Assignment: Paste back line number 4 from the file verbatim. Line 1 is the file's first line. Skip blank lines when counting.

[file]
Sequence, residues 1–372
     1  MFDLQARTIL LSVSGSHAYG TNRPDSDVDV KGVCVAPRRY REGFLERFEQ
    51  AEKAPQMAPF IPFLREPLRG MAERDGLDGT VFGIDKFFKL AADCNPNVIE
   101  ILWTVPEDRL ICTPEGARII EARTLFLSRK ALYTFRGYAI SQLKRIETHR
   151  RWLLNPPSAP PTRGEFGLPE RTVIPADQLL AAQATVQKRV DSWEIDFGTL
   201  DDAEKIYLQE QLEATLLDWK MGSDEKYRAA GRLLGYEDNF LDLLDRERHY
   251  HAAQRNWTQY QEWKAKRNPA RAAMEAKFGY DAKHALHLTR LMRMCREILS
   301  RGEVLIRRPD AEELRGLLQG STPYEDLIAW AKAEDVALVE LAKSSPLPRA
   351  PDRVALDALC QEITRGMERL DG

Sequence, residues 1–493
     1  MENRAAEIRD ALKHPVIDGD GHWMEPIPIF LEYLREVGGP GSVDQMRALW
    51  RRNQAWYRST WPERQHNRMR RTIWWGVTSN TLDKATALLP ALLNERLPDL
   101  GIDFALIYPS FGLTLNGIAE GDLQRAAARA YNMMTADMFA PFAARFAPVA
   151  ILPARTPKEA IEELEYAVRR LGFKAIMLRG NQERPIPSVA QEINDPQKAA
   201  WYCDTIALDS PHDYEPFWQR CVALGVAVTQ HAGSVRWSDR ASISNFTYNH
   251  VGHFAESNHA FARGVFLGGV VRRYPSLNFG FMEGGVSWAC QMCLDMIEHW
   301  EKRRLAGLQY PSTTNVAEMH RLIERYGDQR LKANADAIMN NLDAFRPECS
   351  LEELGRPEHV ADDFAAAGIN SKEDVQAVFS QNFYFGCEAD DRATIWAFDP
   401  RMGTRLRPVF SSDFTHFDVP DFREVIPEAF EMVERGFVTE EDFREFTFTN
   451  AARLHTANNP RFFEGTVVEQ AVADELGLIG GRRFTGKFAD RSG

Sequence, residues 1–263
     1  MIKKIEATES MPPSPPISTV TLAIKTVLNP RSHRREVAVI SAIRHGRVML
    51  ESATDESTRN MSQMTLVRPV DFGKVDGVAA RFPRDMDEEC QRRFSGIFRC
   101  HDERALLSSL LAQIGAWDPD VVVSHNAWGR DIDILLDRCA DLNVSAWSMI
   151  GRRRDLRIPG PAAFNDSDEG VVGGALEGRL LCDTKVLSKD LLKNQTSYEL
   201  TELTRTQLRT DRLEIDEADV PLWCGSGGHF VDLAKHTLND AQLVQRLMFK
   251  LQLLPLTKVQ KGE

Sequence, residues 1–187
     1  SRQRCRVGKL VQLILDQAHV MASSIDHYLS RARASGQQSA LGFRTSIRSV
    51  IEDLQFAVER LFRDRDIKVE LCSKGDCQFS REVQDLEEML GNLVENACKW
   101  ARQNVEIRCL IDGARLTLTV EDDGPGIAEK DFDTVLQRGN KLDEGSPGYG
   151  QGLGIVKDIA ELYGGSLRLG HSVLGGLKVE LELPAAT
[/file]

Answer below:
   101  ILWTVPEDRL ICTPEGARII EARTLFLSRK ALYTFRGYAI SQLKRIETHR